I am currently unemployed, but I can't imagine returning to work now with all this pain and numbness and clumsiness. I think I should be classified as disabled now since I can't return to my job as I am now or anytime in the near future, but the doctors ignore me when I put out that I can't carry the equipment I would need to carry at work and I can't use a computer for 8 hours a day. Any ideas an this?

Does anybody have any suggestions? I'll take advice, suggestions, encouraging words, anything to know that somebody out there actually understands what is going on.

Also, I am 32 years old now. What will moderate/severe disc degenerative disease, stenosis, bulging discs, arthritis, and a spinal deformity do to me 20-30 years from now?



  • I am not a doctor, so I can't really evaluate your condition, but by reading references about impingement on the spinal chord or nerves and your symptoms, I start to understand your concerns and your pain. I tried to Google resources in Washington State (I live on the East Coast) and found http://hrsa.dshs.wa.gov/HRSAClient.htm
    which was the Washington State Health Care Authority, 1-800-562-3022. Another was DSHS Community Service Office (CSO), Washington State Department of Social and Health Services (1-877-501-2233).I apologize if you already are aware of these resources and have had no assistance.

    Do hospitals in your area have ombudsman offices or patient advocate offices that might be able to assist? Or are there any public supported hospitals or university hospitals?

    I am so sorry that you have all this to deal with along with the pain and worry.

    You can apply for Social Security disability on-line, so you may want to do that. Because you are young, you may get denied and have to appeal (and appeal). Attorneys are available to assist in the process who are paid once you are approved, I think from your Social Security award. It can be a long process.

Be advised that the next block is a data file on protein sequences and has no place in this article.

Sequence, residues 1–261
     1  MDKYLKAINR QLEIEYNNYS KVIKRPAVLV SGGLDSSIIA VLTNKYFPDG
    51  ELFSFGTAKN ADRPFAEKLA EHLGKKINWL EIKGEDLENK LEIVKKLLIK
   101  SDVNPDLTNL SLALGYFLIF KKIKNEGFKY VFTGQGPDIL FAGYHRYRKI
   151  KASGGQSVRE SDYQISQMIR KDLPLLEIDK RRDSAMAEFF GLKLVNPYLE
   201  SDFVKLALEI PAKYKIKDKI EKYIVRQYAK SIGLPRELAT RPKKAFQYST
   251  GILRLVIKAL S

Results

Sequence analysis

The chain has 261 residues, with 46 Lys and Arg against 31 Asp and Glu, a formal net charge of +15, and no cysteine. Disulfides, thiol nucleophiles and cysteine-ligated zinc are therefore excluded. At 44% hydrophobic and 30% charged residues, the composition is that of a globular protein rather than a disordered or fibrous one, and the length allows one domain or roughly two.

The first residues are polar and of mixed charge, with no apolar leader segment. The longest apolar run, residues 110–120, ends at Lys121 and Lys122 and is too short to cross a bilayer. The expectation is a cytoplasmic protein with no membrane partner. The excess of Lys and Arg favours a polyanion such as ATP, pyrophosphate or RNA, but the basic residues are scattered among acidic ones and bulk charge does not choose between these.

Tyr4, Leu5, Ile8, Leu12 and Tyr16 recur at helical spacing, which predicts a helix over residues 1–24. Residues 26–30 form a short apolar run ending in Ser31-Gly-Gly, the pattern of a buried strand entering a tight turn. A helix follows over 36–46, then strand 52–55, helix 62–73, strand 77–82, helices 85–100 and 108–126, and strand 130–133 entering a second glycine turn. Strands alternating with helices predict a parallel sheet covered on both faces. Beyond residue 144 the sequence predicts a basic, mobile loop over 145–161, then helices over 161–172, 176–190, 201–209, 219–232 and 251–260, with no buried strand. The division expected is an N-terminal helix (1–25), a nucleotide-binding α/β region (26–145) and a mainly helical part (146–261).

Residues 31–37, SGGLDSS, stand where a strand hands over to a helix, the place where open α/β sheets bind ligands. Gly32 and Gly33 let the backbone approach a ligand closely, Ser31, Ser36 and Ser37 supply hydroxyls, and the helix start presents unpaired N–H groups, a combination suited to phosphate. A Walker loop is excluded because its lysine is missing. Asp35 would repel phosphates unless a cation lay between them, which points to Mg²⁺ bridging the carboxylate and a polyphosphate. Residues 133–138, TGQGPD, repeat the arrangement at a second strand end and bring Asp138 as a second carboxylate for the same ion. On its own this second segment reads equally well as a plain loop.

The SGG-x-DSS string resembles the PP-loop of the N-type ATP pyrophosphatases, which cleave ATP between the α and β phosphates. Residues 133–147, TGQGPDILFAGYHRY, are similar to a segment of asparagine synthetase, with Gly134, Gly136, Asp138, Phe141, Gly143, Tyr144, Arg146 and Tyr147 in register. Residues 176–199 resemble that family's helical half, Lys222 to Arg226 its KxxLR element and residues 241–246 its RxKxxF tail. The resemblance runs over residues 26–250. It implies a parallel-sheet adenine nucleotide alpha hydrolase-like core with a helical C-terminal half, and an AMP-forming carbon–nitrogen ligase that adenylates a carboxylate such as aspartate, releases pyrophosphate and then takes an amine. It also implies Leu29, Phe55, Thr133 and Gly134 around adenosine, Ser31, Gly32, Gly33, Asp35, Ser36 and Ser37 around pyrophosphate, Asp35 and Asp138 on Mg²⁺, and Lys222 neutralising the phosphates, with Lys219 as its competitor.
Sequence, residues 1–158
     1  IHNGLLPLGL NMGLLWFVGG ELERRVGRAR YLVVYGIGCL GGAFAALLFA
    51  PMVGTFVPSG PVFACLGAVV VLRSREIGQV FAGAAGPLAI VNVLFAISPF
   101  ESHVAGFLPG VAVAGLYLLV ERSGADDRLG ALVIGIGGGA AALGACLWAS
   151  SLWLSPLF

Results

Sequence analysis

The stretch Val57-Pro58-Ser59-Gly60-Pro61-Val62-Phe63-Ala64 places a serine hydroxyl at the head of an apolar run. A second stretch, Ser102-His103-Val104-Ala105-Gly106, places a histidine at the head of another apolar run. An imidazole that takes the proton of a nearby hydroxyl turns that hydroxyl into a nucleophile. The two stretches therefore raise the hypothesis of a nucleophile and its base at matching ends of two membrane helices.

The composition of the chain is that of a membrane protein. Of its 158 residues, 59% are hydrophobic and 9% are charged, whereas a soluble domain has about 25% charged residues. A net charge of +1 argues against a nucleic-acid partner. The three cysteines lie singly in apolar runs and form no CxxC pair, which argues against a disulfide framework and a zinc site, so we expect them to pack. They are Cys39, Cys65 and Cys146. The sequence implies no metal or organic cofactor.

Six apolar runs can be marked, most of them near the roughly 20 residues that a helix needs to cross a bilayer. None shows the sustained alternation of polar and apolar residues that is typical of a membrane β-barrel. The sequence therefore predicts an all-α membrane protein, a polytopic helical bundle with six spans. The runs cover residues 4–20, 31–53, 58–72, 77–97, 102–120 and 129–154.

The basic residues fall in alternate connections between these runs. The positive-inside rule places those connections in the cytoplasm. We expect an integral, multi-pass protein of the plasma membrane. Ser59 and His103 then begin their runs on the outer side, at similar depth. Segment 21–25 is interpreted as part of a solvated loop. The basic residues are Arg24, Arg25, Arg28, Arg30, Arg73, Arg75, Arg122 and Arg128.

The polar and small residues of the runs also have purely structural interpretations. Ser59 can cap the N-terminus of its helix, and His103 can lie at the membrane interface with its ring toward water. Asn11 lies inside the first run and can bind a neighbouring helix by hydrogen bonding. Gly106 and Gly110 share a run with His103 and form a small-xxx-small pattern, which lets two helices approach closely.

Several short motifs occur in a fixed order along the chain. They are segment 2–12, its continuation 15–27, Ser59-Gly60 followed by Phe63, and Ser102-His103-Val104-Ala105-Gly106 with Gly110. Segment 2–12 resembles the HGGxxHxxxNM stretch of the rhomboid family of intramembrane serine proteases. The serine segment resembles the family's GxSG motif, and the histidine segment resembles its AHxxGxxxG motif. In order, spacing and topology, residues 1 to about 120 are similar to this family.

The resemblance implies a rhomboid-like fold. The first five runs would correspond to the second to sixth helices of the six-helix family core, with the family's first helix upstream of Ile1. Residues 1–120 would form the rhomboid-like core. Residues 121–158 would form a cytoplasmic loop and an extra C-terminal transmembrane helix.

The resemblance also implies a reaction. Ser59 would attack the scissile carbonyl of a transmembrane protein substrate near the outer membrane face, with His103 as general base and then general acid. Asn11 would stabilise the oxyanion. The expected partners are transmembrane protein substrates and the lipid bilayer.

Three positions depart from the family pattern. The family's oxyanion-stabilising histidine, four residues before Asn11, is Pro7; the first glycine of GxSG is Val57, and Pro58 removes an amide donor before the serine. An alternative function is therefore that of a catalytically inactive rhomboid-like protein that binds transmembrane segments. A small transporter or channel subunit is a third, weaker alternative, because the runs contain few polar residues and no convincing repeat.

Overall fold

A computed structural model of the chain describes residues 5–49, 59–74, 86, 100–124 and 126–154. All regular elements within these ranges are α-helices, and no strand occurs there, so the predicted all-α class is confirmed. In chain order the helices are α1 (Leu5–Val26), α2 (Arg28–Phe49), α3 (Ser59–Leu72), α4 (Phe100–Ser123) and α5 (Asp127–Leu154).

Take care, and let us know how you're doing. This is definitely a group that can empathize.

    4 level ACDF C4-C7 5-2-11, laminectomy & discectomy L4-L5 1/26/12, ALIF L4-5, L5-S1 12/10/12.
  • The biggest impediment to me receiving treatment for my cervical problems was my insurance, Medicaid, issued through DSHS. Once a doctor recommended a treatment then had to gain approval through Medicaid, the treatment would always change from surgery to injection, from a serious, debilitating condition to , and I quote, "it's not that bad.". To answer your question about a local hospital, the situation gets even more messed up. My 2 emergent back surgeries in 2011 were considered pre existing conditions by Medicaid and not covered; therefore the one hospital within 200 miles that has neurosurgeons and orthopedic surgeons will not allow me as a patient since I now owe them somewhere around $100,000. Also, thanks for the info about disability, I didn't know the lawyers would take their fee out of the award. I might be able to get that process in motion then, especially with my unemployment, our only income, ending in 2 months.

    I should have new insurance by next week, but now I don't think, after all my experiences, that whatever new doctor I go to will listen. How can I get a doctor to listen to me, the patient, and not the insurance company? Is there a way to find a doctor that will treat me like a human? My funds are very limited as my husband and I are both unemployed graduate students so I can't shop around for a doctor. I have to hope I choose the right one.

    Anybody know of any neurosurgeons or orthopedic surgeons in Washington that cares?
  • Just in case somebody reads this at a later point, I wanted to update this. After Medicaid dropped me, I picked up the insurance offered to students by my university. I kept the appointment that was originally scheduled as my second opinion with Medicaid, with an orthopedic surgeon/neurosurgeon in Seattle. Through research, I learned that he is actually considered one of the top 1% in his field by US News & World Report. He is affiliated with one of the top neurosurgery/orthopedic surgery hospitals in the nation and the top hospital network in Washington; therefore, in my opinion, his diagnosis definitely proves that my last “non” diagnoses was due to having Medicaid.